Organic chia seeds, Salvia hispanica, are from the Lamiaceae family (also known as the mint family) and are closely related to basil, lavender, marjoram, mint, rosemary, sage, savory and thyme. While many sources say that chia seeds are native to central and southern Mexico and Guatemala, DNA researchers using RAPD markers (pronounced “rapid”) have determined that the area with the greatest genetic diversity (meaning this is most likely where they originated) encompasses the semi-temperate and temperate highlands of western Mexico and eastward across the trans-volcanic belt to Puebla.
Chia seeds are considered an ancient grain and they can be black or white (brown indicates that the seed is unripe). There is no difference nutritionally. Our organic chia seeds are considered black.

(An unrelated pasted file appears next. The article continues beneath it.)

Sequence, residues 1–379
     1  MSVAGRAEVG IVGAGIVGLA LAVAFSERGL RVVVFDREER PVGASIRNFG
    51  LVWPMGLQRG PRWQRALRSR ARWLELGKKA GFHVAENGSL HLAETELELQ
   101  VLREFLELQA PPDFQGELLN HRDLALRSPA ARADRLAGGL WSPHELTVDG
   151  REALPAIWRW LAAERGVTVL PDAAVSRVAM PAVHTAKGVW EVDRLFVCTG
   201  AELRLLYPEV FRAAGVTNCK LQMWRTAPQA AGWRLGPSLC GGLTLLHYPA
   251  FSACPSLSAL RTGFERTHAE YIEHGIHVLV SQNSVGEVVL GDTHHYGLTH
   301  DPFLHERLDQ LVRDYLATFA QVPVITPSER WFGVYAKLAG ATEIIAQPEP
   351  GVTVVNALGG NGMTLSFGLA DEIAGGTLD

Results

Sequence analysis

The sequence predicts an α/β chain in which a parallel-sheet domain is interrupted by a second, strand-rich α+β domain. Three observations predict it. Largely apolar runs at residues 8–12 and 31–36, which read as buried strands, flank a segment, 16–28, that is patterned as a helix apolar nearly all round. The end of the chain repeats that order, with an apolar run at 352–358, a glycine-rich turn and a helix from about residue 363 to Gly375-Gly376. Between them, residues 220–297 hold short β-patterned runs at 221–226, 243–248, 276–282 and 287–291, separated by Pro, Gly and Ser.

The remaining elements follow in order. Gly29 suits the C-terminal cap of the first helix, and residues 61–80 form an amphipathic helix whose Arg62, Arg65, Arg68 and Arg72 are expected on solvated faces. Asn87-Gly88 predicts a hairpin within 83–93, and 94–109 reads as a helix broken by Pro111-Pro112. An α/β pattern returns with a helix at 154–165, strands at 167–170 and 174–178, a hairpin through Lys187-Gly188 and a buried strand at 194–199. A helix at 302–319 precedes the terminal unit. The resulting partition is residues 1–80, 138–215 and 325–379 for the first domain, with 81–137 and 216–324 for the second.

Chia seeds have hydrophilic properties, which allow them to absorb more than 12 times their weigh in water when soaked. While soaking, the seeds develop a mucilaginous coating (a thick, gluey substance) that gives chia-based beverages a distinctive gel texture.
Chia seeds produce a light colored essential oil in high concentrations, with the major components being b-caryophyllene, globulol, y-muurolene, b-pinene, a-humulene, germacrene-B, and widdrol.
Chia seeds are called budhur alshiya (Arabic), Jia zhongzi (Mandarin), Graines de chia (French), Chiasamen (German), chiya beej (Hindi), seme di Chia (Italian), Chiashīdo (Japanese), Semente de chia (Portuguese) and la semilla de chia (Spanish).